Managed Service Accounts are a Windows feature introduced in Windows Server 2008 R2 for increasing the security of non-user service accounts. Managed Service Accounts, shortened as MSAs, have an automatically-managed, complex password that removes the requirement of manually dealing with password rotation and security. In Server 2012, this feature was enhanced to group Managed Service Accounts, or gMSAs, which allows the use of these accounts on multiple servers at once.
The advantage to Managed Service Accounts is being able to use an Active Directory user account for service-related tasks while easily keeping that account's password secure. Previously, the passwords for service accounts were handled in one of two ways: either configuring the account to have a password that never expires or manually rotating the password prior to its expiration. The first option is a security issue. If that password were ever leaked accidentally, it would be valid indefinitely. The second option has a significant administrative overhead. Keeping a task list of expiring passwords and going through the process of changing them and updating the related applications can be burdensome.
With MSAs and gMSAs, the password is managed by either the server using the account or by the AD DCs themselves. When configuring a service to use these accounts, no password is required. Instead, the password field is left blank, the system detects that it's an MSA or gMSA, and handles it appropriately. MSAs and gMSAs are supported for the following uses:
- Windows Services
- Scheduled Tasks
- IIS Application Pools
- Other, non-native applications that have support built-in
Using Group Managed Service Accounts
Since most scenarios require a service account to be used on multiple servers, we are going to focus on group Managed Service Accounts. You can still use these on just one server, but you have the option of using them on additional servers later if required. Since this is a well-documented process, we won't go into the specific steps here. Instead, here is an overview:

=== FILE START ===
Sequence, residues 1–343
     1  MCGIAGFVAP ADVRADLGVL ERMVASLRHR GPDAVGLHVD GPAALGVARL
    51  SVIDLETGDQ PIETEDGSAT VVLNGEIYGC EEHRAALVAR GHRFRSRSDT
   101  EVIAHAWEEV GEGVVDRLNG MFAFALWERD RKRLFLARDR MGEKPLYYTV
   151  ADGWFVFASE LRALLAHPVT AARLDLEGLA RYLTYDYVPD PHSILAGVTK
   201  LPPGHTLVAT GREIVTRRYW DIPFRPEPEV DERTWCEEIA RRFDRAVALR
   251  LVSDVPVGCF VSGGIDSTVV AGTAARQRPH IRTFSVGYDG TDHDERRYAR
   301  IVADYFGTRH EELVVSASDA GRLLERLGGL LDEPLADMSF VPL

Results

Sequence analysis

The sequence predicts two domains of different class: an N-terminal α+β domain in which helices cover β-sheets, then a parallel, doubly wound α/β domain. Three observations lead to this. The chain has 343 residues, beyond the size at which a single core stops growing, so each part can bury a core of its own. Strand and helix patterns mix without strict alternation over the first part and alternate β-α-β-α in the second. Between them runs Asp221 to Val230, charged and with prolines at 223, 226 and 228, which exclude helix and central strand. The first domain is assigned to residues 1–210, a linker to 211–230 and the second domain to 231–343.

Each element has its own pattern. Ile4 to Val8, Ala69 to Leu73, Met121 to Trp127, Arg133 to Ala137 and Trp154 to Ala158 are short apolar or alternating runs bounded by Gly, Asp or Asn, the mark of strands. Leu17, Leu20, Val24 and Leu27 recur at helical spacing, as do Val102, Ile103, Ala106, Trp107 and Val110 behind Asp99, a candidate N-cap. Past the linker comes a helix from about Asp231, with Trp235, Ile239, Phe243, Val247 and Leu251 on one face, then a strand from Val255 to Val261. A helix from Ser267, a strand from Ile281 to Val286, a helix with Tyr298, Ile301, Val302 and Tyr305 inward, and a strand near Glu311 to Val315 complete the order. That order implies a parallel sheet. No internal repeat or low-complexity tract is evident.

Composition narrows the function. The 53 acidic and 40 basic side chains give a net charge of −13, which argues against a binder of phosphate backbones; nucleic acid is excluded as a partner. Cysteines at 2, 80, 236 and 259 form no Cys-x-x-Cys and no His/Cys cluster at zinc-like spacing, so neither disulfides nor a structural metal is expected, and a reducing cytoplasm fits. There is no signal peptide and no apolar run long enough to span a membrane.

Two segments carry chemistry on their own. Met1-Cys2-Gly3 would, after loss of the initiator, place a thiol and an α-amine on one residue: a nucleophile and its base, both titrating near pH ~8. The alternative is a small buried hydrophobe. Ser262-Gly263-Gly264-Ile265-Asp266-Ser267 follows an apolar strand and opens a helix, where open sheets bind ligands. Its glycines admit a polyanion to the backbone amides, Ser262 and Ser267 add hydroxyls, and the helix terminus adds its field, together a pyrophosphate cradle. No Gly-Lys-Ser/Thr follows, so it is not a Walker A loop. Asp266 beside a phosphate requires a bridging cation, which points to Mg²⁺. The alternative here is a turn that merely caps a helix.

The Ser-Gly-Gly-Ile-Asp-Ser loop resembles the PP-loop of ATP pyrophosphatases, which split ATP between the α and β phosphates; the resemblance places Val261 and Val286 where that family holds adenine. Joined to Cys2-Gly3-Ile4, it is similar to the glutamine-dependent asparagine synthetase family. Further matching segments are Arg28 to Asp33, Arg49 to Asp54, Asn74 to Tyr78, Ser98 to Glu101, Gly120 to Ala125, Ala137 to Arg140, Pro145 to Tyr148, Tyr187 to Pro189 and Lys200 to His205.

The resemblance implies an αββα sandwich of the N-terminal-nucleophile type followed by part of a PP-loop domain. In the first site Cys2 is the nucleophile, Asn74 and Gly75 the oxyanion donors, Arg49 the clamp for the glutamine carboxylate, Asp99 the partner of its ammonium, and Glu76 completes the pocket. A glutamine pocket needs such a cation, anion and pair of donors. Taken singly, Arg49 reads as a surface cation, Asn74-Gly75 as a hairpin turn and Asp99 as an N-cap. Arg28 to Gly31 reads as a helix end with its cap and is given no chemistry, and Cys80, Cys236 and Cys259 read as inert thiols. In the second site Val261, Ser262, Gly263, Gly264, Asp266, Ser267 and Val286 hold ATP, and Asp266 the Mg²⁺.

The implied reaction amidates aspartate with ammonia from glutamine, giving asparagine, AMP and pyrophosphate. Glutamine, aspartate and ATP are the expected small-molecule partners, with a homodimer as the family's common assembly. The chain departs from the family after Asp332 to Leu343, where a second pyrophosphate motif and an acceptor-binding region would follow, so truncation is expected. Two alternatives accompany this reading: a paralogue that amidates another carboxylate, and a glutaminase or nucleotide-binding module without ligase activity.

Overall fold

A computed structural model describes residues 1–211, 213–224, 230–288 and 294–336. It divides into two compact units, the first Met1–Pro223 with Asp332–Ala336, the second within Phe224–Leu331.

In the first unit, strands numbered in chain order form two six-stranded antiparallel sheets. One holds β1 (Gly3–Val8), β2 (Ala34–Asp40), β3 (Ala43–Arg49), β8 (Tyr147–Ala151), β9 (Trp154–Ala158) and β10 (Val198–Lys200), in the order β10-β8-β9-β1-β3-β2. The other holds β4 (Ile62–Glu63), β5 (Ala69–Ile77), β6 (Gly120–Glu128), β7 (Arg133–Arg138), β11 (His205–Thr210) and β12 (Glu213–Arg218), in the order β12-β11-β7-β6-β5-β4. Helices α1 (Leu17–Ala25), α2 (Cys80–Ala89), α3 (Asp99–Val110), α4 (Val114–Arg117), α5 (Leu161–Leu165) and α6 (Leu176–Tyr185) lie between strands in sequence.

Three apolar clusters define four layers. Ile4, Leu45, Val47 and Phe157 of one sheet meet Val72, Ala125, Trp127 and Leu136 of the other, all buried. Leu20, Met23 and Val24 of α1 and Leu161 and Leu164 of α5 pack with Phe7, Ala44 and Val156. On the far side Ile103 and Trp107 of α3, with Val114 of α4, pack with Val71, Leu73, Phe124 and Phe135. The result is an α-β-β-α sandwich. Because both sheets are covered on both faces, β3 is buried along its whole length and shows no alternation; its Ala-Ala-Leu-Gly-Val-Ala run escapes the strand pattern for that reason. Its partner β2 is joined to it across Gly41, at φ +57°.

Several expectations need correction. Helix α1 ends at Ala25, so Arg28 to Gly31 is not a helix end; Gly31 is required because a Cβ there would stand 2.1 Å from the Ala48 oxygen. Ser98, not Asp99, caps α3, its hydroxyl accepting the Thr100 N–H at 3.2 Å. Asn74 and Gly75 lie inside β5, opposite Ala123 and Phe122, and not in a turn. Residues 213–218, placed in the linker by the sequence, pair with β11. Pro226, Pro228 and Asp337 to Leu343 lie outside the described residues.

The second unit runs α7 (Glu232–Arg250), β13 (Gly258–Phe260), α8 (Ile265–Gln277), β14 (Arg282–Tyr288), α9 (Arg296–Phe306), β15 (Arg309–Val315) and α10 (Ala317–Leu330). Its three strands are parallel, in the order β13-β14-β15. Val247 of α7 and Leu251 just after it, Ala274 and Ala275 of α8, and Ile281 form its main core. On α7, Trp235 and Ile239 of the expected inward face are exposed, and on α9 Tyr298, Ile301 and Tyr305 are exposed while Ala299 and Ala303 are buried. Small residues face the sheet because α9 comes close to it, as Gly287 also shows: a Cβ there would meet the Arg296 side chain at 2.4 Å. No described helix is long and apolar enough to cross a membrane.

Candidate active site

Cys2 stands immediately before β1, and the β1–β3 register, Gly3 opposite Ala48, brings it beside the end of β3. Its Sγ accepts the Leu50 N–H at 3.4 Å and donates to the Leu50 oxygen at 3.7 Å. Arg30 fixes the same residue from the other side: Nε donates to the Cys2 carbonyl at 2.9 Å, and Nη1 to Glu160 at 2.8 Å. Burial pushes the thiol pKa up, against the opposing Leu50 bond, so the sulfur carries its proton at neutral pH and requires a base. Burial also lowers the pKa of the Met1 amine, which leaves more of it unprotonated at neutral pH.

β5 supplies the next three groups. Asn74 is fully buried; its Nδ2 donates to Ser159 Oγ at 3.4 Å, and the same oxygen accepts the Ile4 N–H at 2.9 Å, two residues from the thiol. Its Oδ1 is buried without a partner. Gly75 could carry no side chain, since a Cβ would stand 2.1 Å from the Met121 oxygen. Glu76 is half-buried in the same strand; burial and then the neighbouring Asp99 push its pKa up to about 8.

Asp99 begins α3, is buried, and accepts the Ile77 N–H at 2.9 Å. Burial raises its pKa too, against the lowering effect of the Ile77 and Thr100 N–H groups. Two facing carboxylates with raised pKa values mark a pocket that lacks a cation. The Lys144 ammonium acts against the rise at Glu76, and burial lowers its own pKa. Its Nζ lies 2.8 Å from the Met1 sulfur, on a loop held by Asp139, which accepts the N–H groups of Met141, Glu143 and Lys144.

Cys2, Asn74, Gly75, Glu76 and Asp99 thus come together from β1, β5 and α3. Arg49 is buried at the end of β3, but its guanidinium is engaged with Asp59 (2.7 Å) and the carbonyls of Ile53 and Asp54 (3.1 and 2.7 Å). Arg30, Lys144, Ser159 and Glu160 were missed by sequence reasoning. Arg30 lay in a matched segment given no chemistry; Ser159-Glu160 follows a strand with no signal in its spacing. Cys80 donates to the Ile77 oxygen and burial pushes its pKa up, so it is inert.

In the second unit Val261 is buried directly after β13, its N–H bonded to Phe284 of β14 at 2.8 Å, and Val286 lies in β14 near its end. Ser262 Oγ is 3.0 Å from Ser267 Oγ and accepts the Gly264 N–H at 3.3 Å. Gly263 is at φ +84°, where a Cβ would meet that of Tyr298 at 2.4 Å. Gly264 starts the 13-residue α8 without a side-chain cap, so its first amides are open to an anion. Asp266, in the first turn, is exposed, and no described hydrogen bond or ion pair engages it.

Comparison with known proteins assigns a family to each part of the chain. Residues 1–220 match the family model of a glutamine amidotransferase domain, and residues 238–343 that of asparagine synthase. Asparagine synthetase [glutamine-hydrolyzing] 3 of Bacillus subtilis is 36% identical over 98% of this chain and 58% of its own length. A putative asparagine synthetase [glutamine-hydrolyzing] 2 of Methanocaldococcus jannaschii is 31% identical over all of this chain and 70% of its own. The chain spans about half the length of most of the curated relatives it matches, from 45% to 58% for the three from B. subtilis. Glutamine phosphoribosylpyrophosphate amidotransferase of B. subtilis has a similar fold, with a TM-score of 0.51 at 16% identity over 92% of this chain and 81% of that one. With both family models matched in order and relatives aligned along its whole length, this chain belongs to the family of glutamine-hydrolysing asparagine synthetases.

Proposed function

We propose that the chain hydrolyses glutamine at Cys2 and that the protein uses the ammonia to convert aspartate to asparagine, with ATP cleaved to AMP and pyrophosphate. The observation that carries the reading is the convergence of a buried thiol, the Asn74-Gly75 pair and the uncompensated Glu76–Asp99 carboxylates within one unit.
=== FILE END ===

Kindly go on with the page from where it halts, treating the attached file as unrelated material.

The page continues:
- Initial setup steps - done only once for each domain
- Introduce Windows Server 2012 or later DCs into the domain
- Using PowerShell, create a KDS root key on a 2012 or later DC. The KDS root key is required for the DCs to retrieve the gMSA password when a server requests it
- gMSA steps - to be done each time a gMSA is created
- Identify the servers that the account will be used on
- On a 2012 or later DC, create the gMSA using PowerShell, specifying the list of servers that will be allowed to use the account
- Install the AD PowerShell feature on each server that will use the account
- Using PowerShell, install the gMSA onto the servers that will be using it to allow them to retrieve the password automatically
- Configure the service, scheduled task, or IIS App Pool with the service account
- If required, grant the service account additional permissions, such as the "Log on as a batch job" right if it's a scheduled task
A detailed step-by-step guide is available on TechNet Blogs
Once configured, group Managed Service Accounts can be granted system permissions or access to network resources just like a regular user account.
Here are some screenshots showing how and where gMSAs can be used:
Configuring a service to use a gMSA:
Viewing a service configured to use a gMSA:
Creating the task (must be done via PowerShell to use the gMSA):
Viewing the task in the task scheduler MMC:
Granting NTFS permissions (if the account needs access to a share for example):
Overall, Managed Service Accounts provide numerous benefits and are fairly easy to set up. The next time you have to configure a service, scheduled task, or IIS Application to run with a user account, considering using an MSA instead. Note that even if you can run a service with an MSA or gMSA not all applications will be fully supported. For example, SQL Server only supports gMSA in 2014 or later.